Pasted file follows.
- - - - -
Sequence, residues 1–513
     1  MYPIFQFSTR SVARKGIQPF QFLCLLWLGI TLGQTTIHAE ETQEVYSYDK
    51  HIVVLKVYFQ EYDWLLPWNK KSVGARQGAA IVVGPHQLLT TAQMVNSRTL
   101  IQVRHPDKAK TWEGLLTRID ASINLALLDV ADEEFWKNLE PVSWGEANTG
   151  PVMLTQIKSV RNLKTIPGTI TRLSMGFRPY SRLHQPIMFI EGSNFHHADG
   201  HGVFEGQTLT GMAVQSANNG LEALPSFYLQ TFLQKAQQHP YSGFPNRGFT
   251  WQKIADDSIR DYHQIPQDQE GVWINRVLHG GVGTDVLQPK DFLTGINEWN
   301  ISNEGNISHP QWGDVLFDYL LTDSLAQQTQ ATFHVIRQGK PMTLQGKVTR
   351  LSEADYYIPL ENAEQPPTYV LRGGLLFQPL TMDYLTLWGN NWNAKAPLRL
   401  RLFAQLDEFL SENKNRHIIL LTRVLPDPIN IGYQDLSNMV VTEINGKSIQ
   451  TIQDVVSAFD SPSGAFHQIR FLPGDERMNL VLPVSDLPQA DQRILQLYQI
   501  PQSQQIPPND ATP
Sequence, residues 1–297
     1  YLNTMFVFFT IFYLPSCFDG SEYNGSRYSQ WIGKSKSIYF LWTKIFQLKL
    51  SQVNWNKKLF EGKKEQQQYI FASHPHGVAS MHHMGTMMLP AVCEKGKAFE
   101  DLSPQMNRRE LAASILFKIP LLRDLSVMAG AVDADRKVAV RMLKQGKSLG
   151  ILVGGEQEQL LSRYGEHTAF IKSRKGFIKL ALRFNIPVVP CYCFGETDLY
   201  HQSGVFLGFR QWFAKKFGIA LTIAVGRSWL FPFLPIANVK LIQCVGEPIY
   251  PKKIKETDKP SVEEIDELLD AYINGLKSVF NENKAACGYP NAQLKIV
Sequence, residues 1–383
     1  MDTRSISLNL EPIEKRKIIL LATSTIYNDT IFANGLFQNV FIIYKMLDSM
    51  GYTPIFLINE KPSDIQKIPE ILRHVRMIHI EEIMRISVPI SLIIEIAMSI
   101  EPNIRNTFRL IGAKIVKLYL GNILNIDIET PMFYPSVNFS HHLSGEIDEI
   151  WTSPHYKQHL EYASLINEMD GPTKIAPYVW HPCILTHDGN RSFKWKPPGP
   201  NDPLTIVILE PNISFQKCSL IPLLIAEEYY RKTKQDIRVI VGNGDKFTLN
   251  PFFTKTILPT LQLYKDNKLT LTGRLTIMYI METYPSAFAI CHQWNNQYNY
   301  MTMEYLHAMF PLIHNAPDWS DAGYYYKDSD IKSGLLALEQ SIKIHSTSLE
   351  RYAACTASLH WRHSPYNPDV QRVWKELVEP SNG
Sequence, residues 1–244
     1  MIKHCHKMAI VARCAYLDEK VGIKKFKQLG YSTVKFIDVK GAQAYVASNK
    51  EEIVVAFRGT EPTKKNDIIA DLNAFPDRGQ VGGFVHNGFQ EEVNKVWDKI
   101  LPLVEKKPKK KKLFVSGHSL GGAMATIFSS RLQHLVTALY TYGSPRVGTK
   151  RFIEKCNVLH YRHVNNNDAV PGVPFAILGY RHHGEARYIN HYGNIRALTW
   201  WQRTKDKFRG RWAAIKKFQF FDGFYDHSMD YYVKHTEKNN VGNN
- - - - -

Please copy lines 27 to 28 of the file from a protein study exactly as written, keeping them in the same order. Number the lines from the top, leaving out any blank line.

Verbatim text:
   301  MTMEYLHAMF PLIHNAPDWS DAGYYYKDSD IKSGLLALEQ SIKIHSTSLE
   351  RYAACTASLH WRHSPYNPDV QRVWKELVEP SNG